Broome makes final push for MOVEBR ahead of Wednesday council vote

Broome makes final push for MOVEBR ahead of Wednesday council vote

BATON ROUGE, LA (WAFB) - One night before council members decide whether to green light her road tax plan, Mayor-President Sharon Weston Broome gave her MOVEBR proposal one final push in the final public meeting Tuesday night.

"Over the past few weeks, we've had a number of triumphs I would say," Broome said.

The main difference this time is the funding source. The mayor is opting for a half-cent sales tax rather than a property tax. It was that millage last time that ultimately made a similar plan stall out before the council. "The voters had already spoken on that issue at that time," said Councilman Trae Welch. "We were just coming off the heels of the flood and the truth is that I just didn't think it was the right time."

Welch was one of those no votes last time around. He, along with council members Watson, Amoroso, Hudson, and Wilson, shot down the plan. Council members Collins-Lewis, Wicker, Green, Cole, and Freiberg said yes, while members Banks and Loupe did not vote.

This time, Welch says he's coming around to the changes he has seen and is now leaning towards supporting this version. "Nobody likes taxes and nobody likes things like that, but the truth is, at the end of the day, it's got to be paid for some kind of way," he said.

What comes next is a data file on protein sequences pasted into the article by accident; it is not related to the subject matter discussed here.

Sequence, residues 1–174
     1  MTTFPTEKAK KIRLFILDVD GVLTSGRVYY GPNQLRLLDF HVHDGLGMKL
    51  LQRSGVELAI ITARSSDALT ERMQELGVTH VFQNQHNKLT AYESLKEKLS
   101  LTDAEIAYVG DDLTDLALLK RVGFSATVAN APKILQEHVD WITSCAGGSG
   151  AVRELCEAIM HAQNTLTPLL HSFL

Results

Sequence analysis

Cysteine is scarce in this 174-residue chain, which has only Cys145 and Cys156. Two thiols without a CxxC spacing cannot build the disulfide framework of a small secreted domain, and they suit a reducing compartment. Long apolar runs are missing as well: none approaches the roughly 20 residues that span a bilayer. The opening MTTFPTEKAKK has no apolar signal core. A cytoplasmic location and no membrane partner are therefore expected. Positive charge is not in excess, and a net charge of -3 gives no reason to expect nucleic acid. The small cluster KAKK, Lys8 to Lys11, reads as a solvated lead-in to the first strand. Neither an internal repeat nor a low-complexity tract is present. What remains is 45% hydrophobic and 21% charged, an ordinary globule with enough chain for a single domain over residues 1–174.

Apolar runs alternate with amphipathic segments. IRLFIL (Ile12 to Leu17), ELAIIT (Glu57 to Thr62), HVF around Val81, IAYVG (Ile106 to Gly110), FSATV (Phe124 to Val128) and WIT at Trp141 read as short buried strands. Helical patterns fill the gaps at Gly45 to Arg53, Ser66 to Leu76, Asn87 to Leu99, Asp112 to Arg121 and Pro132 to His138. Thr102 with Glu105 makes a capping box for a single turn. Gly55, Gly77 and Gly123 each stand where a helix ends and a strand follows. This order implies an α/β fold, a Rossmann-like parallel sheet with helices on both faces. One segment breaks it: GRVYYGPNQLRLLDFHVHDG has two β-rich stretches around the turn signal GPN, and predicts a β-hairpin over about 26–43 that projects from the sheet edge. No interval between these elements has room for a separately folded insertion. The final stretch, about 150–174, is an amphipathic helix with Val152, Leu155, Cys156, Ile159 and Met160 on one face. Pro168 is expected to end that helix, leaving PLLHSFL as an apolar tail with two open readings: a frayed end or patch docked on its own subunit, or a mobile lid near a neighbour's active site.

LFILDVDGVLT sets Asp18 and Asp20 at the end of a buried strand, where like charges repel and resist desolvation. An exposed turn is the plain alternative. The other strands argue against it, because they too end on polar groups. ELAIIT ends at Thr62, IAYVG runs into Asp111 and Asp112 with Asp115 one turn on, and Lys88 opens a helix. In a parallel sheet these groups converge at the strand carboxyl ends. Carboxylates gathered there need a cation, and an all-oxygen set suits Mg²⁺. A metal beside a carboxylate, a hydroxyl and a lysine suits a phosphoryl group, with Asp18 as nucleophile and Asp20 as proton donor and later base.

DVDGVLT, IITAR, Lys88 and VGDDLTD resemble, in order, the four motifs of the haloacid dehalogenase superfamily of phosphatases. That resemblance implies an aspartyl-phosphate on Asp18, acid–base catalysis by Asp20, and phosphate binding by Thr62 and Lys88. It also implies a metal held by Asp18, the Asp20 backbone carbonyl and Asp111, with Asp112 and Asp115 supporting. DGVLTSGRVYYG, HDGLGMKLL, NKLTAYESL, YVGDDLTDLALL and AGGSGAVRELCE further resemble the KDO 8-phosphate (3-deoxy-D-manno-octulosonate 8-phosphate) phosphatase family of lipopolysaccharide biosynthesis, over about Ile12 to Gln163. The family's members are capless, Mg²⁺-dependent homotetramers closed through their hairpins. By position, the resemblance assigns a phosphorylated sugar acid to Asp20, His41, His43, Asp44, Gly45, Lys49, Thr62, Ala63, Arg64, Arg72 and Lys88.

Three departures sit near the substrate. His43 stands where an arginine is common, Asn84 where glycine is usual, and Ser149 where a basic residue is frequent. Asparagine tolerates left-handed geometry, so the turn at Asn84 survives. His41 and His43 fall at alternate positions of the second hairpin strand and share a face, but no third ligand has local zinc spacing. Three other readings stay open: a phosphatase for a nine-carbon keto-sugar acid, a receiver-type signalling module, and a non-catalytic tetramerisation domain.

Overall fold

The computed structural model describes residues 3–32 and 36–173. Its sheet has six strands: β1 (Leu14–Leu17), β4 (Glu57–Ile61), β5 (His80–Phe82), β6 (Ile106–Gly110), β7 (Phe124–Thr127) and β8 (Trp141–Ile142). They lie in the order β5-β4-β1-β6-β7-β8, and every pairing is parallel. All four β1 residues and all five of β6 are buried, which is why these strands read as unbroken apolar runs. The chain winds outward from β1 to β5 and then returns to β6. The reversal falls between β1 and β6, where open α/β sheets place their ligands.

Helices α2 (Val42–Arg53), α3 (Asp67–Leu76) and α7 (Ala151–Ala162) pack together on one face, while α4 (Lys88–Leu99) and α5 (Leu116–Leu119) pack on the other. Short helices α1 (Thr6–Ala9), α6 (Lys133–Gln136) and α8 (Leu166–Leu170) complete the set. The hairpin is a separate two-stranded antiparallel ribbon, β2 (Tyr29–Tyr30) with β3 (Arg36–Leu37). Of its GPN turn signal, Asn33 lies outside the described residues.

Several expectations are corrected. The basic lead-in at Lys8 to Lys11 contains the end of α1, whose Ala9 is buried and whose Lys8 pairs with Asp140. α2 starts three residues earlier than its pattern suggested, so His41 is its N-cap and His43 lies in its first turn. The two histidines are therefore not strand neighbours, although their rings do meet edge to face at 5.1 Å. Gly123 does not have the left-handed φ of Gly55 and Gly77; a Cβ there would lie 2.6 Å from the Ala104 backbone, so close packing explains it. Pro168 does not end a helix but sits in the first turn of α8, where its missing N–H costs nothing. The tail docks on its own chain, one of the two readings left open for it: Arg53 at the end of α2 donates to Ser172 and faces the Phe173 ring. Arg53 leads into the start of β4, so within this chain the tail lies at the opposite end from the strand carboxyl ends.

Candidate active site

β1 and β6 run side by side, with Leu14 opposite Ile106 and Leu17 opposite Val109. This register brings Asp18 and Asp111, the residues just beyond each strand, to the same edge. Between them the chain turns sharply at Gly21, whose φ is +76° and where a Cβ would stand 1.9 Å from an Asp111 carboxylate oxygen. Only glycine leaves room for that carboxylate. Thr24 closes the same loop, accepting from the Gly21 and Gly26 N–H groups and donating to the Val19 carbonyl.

Councilwoman Barbara Freiberg, the lone Republican who sided with the mayor last time, says she's still on board. "It's so critical that we do something now. We keep kicking this can down the road and I don't know that we can do that any longer," Freiberg added.

Freiberg believes many voters are ready for the vote as well based the mood of several of the public meetings she has attended. "There's just been so much support at these meetings, even in areas of town where I wouldn't have expected there to be support, so that gives me hope that this city is ready to make a difference," she said.

She believes there were a few concerns nearly a year ago, like the speed of the initial roll out and the timing of the failed proposal, but Freiberg fears a failure to act now will only make a bad problem worse.

While it's unclear what the council will decide Wednesday, Freiberg says the time is now and voters should have the final say in December. "I'm hoping the council will vote to send this to the people to let the people make this decision," she added.

If the council approves the measure Wednesday, it will go before voters on Saturday, December 8.

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